Like you I have psoriasis and like you I fell ill in March 2020. By that time my GP had moved to online consultations only. My GP remotely diagnosed me with a chest infection and prescribed antibiotics which appeared to clear it up. However the chest infection returned in April and I was prescribed a different course of antibiotics during which time my ankles swelled. My GP put this down to an allergic reaction to the antibiotics. I had a further chest infection in May and this time I was referred to hospital. The consultant I saw reckoned I had had covid-19 back in March but had no test kits available to prove that had been the case. I continued to take chest infections but in September my knee swelled up. I wasn't too worried at that point as I had had the meniscus in that knee removed some 30 years previously due to a football injury. However by end September I was referred to hospital to have the knee drained and given a steroid injection. By end of October I was back at the hospital for the same procedure but by that time my hands had also swollen and I could not close them and my shoulder joints were very sore. The consultant I saw then drained my knee again and gave me another steroid shot but out of the blue asked me if I had psoriasis and diagnosed me with psoriatic arthritis. He put me on a course of Sulfasalazine and NSAIDs. This consultant had previously worked as a professor of rheumatology so was pretty certain of his diagnosis. By mid November I was back at hospital with the same symptoms and same treatment. However later in November I took yet another chest infection which became pneumonia and my joints became severely painful to the point I could not move them. I was admitted to hospital and treated with antibiotics for my pneumonia and prednisolone for my joint pain. In blood tests my CRP level hit 340 when normally it should be 2-3. I've been told this is an indicator for infection/inflammation. I saw a consultant rheumatologist in early December and in January/February had steroid injections in my bottom and in my shoulder as an out patient and put on Methotrexate to be taken as well as the Sulfasalazine. I was also put on Etodolac NSAID. I've was readmitted to hospital in December and again in March with the same symptoms. Over the year I've now had 8 chest infections/pneumonia and been told by another consultant and another doctor that they suspect I had covid-19 back in March 2020. During the March hospitalisation I've had further steroid injections in my knee and shoulder which have also helped my hands. I also had an MRI scan on my shoulder which showed the level of inflammation.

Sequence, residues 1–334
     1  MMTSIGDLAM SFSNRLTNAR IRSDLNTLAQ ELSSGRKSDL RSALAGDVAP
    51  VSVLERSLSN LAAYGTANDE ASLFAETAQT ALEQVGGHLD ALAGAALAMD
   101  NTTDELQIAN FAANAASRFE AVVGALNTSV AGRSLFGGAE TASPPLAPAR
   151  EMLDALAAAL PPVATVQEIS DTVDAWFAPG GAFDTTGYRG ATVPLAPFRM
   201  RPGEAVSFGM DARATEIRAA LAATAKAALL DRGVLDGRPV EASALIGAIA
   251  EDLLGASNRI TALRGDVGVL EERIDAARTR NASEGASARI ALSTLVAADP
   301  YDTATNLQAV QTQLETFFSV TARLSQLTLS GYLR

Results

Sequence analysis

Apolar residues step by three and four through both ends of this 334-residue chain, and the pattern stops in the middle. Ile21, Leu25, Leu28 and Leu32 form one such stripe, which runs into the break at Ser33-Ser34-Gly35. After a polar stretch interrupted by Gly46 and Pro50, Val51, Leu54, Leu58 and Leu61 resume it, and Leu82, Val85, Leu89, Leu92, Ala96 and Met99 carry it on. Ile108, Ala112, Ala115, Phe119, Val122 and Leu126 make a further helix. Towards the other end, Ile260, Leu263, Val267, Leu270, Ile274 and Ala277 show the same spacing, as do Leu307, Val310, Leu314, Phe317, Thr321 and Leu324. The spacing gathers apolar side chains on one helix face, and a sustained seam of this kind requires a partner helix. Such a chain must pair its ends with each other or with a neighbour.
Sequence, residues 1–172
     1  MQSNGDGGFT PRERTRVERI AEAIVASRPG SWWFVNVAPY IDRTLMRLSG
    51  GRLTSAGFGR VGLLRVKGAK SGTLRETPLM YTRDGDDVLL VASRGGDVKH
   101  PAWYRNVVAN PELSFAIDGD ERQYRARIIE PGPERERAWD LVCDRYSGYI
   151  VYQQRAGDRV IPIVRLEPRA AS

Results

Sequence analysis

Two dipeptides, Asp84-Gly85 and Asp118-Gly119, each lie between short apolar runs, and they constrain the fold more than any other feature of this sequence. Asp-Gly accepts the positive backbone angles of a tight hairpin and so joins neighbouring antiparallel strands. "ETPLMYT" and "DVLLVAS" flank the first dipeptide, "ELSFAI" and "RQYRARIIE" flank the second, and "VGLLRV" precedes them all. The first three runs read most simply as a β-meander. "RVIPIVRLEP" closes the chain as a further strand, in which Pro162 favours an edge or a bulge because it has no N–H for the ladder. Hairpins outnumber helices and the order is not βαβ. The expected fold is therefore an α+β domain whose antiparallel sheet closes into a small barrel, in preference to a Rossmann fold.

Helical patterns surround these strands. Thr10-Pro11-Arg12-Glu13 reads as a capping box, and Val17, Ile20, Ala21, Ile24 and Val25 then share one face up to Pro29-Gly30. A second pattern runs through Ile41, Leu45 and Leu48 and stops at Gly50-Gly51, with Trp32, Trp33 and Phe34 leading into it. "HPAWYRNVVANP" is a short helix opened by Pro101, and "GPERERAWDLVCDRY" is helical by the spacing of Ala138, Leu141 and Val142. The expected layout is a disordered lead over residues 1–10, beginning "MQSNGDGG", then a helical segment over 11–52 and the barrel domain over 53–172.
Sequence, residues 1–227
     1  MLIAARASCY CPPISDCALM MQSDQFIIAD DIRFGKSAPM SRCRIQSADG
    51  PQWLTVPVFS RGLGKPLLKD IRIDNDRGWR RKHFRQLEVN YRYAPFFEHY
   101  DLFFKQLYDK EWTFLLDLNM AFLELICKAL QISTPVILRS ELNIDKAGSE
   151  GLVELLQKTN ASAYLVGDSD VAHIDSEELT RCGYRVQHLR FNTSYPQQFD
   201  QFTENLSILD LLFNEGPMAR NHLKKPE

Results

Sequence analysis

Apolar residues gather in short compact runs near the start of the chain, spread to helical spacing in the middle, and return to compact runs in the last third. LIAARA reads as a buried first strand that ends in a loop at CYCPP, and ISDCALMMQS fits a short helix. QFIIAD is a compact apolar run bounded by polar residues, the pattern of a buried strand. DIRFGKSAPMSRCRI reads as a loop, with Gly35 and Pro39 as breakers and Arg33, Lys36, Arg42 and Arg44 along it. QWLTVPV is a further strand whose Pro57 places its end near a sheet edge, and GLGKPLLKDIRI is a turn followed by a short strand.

Before all this started I was a fit, health, retired 64 year old who enjoyed hill walking and amateur photography - walking 60-70kms a week with my dog.

    I do wonder if - if I did have covid-19 back in March 2020 - whether that was the cause of all of this.

    I had a meeting with my consultant rheumatologist earlier this week and he said that the chest infections were probably the cause of the severe pain in my joints as my immune system mistakenly attacks them when detecting an infection anywhere in the body.

    Just one last thing I'd add - all my treatment has been on the NHS. Both my GP and the first doctor I saw in hospital saw me as an urgent case and pushed for me to be seen by a rheumatologist. Can't your GP do the same?

    Apologies again for the length of my reply.

  • compulsive_rambler
    compulsive_rambler Member Posts: 7
    edited 29. Mar 2021, 16:44

    My GPs have been very keen to get me seen sooner, but there are only the routine list and the urgent list, and you can be moved from one to the other but not bumped up within each of them. The NHS rheumatology department has kept me on the routine list throughout all the updates my GP has sent them, I assume because my joint issues themselves haven't been urgent. The only issues I've had that have been urgent (my eyes, and recurrent centre-forearm swelling that they wanted checked urgently just in case of blood clots I think) have been for other specialists to deal with on an urgent basis, even though the underlying systemic disease was thought to be the sort of things rheumatologists treat by that time. Basically, treatment of an underlying systemic condition is not an urgent priority when they can prevent things like blindness by just treating the eyes in isolation.